Aikido is a Japanese martial art that focuses on redirecting the opponent’s energy. The use of a wooden staff called “jo,” is a vital part of this practice.

The jo is used to increase leverage, distance, and timing, making it an essential tool for practicing Aikido techniques.

The Significance of the Jo

The jo is typically made of hardwood and measures around four feet in length. It is often used to represent the sword or spear in Aikido training.

Employing the jo allows practitioners to maintain their distance from their opponents while still being able to attack effectively. The jo can also be used to block incoming attacks and redirect an attacker’s momentum.

Aikido Jo Techniques

The following are some of the most important techniques involved in using the jo in Aikido:

1. Choku-tsuki

Also known as the thrust technique, choku-tsuki involves lunging forward with the jo and striking your opponent with its tip. This technique can be used both offensively and defensively and requires good timing and distance.

2. Shomen-uchi

Shomen-uchi involves attacking your opponent’s head with a downward strike. The jo is used to block the attack and then return the strike.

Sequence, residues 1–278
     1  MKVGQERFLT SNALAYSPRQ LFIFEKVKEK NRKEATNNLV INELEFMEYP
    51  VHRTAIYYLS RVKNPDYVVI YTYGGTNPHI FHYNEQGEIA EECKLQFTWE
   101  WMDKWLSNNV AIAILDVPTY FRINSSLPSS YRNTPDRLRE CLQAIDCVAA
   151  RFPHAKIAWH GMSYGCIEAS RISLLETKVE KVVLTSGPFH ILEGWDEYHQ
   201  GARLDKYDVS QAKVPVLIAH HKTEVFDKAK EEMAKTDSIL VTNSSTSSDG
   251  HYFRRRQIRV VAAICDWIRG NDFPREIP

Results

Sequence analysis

3. Yokomen-uchi

Similar to shomen-uchi, this technique involves attacking your opponent’s head, but with a diagonal strike instead of a downward one. The jo is used to deflect this attack and then counter with a strike.

4. Tsuki

Tsuki is a forward thrusting technique that can be used to strike your opponent’s vital areas, such as the chest or abdomen. The jo is also used to block incoming thrusts and then counter with a thrust of its own.

5. Kote-gaeshi

Kote-gaeshi is a joint-locking technique that involves trapping your opponent’s wrist and using the jo to apply pressure to their elbow joint, causing them to fall to the ground. This technique is commonly used in self-defense situations.

6. Sankyo

Sankyo is another joint-locking technique that involves twisting your opponent’s wrist while applying pressure to their elbow joint with the jo. This technique can be used to immobilize an attacker or to force them to release a weapon.

Aikido Training with the Jo

In aikido training, the jo is usually incorporated into the paired practice known as kata. Kata involves prearranged movements between two opponents and serves as a way of passing down techniques from one generation to another.

In addition, many aikido schools incorporate jo suburi, a solo practice that involves performing repetitive movements with the jo.


The use of the wooden staff in Aikido practice is an integral part of the art. The jo allows practitioners to develop their timing, distance, and leverage skills while maintaining their safety during training.

By incorporating various techniques involving the jo into their practice, aikido students can improve their overall skill level and deepen their understanding of this unique martial art.

With the proper training and practice, using the jo can be an effective tool for self-defense and personal growth.

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